HDR Efex Pro 2
HDR Efex Pro 2 manages to make HDR relatively easy. It still wraps it up in a bit too much jargon (some of it specific to this particular software), but it does at least produce a good variety of ready-made HDR presets so that you don’t have to get caught up in the manual adjustments if you don’t want to.
There are two ways to create an HDR image with HDR Efex Pro 2 – you can load a single image (ideally a RAW file) and use the software’s tone-mapping and HDR tools to pull out the shadows and pull back the highlights, or you can follow the more technically correct route and merge a series of different exposures. This is the route you’ll need to follow if the brightness range in the scene is too great for a single exposure, even with the extra dynamic range headroom of a RAW file.
HDR Efex Pro 2 does a good job of merging different exposures, removing chromatic aberration and controlling ghosting artefacts pretty well.
Once your exposures are merged or your file opened, you’re presented with a full image preview in the centre of the screen, an array of preset effects arranged in categories in a vertical panel on the left, and manual HDR tools stacked in a panel on the right.
There are 28 presets in all, and they offer a good range of effects and ‘looks’. They use the open image to display ‘live’ previews, so it won’t take you look to find a look that’s close to the one you want.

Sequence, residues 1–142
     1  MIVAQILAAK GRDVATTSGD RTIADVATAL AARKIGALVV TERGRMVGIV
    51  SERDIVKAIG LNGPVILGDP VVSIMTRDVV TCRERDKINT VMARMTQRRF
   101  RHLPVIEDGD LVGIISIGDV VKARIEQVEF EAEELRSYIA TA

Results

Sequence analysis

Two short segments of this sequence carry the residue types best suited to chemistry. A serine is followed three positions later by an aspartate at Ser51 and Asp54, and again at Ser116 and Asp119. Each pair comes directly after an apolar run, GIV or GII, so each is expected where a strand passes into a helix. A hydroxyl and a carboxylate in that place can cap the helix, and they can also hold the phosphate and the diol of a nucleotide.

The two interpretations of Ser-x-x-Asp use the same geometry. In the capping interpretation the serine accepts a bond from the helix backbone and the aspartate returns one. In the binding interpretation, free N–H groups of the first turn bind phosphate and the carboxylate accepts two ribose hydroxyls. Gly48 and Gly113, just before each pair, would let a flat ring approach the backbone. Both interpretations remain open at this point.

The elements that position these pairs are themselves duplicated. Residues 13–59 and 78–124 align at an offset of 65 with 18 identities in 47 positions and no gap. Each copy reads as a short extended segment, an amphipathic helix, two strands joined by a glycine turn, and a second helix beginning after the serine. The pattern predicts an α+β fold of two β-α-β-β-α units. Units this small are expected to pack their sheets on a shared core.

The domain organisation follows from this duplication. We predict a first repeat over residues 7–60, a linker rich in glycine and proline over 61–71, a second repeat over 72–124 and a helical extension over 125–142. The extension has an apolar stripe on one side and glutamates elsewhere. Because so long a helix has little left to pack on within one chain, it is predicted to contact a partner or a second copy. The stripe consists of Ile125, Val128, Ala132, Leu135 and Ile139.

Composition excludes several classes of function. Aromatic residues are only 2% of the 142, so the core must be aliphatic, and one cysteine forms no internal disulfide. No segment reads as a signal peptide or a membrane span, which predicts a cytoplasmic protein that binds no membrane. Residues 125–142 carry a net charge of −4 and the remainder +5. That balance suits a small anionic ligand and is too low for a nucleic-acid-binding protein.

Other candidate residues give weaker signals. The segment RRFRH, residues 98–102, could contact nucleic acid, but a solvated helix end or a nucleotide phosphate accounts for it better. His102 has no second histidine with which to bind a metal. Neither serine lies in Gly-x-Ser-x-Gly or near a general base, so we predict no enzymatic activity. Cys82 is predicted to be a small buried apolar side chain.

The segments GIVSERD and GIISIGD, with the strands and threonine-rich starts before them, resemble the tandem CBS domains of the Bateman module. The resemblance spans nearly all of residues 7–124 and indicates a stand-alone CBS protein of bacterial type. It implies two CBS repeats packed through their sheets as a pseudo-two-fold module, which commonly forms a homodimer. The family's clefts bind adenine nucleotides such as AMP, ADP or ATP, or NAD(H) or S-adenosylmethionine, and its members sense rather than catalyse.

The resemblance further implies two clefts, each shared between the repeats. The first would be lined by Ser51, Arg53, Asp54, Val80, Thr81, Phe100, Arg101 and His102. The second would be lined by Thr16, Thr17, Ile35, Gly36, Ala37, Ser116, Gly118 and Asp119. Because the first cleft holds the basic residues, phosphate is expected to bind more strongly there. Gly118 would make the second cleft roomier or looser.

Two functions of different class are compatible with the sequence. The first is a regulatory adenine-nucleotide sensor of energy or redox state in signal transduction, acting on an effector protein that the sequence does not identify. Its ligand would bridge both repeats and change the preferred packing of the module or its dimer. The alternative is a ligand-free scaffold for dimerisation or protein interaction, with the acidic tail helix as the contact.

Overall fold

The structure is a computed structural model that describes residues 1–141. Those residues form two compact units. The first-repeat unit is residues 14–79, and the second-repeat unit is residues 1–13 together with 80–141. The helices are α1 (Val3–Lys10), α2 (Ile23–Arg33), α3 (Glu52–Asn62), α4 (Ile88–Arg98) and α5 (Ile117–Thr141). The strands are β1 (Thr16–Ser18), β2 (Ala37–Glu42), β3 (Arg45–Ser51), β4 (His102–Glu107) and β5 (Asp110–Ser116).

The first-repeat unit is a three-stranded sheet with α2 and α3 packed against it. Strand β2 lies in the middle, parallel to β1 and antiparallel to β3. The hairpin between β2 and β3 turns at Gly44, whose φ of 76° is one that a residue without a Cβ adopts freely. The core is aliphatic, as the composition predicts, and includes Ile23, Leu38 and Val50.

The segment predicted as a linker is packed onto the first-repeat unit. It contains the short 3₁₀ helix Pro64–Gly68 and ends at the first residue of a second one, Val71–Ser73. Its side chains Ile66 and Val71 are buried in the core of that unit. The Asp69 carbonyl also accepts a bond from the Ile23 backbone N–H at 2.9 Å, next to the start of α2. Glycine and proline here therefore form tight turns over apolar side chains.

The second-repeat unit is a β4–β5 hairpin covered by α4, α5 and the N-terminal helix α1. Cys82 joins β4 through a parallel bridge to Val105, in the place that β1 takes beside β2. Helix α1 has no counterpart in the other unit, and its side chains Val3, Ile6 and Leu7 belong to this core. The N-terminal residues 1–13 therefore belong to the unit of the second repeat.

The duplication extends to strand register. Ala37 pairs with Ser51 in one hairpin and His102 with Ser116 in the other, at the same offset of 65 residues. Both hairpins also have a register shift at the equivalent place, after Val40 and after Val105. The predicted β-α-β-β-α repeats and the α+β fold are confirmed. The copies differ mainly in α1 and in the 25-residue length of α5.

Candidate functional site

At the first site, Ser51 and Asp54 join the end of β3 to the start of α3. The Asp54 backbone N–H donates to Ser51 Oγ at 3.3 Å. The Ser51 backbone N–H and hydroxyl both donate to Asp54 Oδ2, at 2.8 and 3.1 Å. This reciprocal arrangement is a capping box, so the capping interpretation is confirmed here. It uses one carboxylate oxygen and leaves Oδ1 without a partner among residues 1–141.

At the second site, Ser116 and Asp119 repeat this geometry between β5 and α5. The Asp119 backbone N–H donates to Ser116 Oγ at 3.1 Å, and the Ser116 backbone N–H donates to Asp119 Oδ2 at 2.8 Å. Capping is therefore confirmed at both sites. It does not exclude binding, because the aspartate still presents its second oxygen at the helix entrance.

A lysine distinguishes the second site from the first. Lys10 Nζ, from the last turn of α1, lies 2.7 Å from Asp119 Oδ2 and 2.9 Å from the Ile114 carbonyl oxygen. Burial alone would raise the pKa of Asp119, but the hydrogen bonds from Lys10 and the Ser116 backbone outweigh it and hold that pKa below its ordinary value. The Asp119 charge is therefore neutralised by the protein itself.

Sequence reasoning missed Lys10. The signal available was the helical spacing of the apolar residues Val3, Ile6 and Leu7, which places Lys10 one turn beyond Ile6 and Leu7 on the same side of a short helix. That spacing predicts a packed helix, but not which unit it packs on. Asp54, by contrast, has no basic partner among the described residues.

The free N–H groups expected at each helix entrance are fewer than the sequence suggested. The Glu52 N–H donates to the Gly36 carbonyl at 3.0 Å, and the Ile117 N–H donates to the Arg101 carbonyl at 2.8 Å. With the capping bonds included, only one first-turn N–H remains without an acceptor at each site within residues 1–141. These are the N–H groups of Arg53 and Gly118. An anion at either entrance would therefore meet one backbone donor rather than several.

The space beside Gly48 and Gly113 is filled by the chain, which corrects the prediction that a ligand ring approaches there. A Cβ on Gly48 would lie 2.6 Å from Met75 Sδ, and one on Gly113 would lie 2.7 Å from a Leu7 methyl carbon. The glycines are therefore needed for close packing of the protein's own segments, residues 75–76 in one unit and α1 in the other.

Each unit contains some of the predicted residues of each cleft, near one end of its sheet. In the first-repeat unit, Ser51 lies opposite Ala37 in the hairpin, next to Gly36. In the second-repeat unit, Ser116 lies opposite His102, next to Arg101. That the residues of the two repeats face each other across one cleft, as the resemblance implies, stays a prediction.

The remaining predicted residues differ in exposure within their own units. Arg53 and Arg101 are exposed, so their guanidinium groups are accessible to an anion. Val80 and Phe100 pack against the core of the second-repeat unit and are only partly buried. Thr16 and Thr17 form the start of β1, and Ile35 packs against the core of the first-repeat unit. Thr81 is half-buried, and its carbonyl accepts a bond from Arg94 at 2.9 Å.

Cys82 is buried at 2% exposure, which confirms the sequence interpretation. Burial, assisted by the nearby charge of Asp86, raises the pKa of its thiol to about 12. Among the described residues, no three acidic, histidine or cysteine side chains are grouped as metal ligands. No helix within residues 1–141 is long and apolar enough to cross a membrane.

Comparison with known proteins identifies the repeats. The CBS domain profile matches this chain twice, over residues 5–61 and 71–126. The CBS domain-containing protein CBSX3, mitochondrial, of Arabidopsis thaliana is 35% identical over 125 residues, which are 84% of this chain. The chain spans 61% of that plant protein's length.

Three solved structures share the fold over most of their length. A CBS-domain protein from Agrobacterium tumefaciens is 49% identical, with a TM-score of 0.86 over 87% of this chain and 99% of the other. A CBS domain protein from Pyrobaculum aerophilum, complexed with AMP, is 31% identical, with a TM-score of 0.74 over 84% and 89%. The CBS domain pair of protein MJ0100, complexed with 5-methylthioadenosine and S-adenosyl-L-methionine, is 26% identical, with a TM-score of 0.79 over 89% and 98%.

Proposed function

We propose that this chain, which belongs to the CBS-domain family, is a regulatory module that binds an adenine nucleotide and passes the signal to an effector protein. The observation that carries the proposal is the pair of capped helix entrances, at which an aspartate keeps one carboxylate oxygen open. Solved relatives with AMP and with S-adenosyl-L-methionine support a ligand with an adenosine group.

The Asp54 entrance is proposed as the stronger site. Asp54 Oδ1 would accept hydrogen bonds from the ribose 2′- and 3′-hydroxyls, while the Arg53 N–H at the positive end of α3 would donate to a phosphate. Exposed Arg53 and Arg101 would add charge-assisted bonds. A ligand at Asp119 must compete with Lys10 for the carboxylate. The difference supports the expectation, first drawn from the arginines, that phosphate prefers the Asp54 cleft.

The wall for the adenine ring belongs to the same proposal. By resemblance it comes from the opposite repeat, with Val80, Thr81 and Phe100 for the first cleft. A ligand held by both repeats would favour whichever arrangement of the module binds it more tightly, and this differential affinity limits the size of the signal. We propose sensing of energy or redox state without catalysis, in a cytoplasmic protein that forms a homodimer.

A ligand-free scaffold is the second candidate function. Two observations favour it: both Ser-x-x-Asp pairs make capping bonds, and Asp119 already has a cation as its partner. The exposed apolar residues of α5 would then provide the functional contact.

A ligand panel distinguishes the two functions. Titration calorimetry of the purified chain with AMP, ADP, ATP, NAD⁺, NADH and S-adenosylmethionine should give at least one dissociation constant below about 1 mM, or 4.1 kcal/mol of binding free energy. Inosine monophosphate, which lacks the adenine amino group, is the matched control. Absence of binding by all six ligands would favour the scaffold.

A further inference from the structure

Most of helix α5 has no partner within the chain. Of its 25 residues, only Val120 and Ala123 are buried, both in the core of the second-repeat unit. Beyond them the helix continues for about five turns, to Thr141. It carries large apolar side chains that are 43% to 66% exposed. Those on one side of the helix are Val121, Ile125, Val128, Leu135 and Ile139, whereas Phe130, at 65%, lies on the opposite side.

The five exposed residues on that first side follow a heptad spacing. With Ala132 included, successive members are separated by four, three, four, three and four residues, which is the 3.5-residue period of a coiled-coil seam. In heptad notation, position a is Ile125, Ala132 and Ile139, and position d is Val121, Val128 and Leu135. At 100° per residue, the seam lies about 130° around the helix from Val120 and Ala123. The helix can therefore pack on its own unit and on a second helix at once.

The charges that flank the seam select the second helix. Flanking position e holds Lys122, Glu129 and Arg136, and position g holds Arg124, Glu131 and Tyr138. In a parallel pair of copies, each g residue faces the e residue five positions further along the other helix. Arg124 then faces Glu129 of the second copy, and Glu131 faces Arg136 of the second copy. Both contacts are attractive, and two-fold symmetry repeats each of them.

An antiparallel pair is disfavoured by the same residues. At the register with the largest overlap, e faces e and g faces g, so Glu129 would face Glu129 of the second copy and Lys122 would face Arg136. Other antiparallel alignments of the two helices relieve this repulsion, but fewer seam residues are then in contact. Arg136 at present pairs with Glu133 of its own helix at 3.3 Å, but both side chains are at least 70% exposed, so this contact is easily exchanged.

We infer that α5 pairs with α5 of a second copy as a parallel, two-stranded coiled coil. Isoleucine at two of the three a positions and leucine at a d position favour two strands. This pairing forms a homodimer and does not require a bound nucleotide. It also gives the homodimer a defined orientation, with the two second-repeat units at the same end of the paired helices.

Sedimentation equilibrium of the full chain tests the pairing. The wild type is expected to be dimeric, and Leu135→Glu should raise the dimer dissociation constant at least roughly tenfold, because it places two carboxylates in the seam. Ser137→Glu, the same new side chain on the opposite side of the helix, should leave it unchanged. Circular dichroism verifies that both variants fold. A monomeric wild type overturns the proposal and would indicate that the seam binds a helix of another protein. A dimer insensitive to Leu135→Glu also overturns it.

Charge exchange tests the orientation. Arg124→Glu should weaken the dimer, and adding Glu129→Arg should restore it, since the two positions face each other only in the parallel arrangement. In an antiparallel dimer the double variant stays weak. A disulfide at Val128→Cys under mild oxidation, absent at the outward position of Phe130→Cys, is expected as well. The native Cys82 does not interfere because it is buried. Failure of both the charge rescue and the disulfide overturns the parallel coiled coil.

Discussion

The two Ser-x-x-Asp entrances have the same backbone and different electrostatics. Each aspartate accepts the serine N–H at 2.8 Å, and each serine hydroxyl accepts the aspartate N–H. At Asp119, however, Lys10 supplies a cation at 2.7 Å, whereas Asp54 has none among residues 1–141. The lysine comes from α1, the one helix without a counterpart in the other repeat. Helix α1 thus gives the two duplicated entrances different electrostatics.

This is where you switch to the manual tools on the right for any fine-tuning, and these are organised into collapsible Tone Compression, Tonality, Colour, Selective Adjustments and Finishing panels.
The sliders in the Tonality and Colour panels are pretty obvious, but the Tone Compression sliders less so. Tone Compression presumable controls the extent to which highlights and shadows are equalised, with the Method Strength slider controls the combined effect of the HDR Method options below.
These consist of Depth Detail and Drama settings. These aren’t sliders as such because they have click-stopped positions corresponding to specific ‘methods’ which vary by type rather than by degree. For example, the Drama control offers Flat, Natural, Deep, Dingy, Sharp and Grainy settings which sound descriptive enough but give you no clue as to their purpose or technical basis.
So you end up rolling the dice with three HDR Method controls whose functions aren’t clear and whose interactions and permutations are almost endless.
It’s not hard to find an HDR ‘look’ you like with HDR Efex Pro 2, and it deserves proper credit for that given that many HDR tools are just too complex and difficult (and often ineffective). But the lack of explanation or method behind its HDR tools does leave you feeling you’re relying too heavily on luck or guesswork.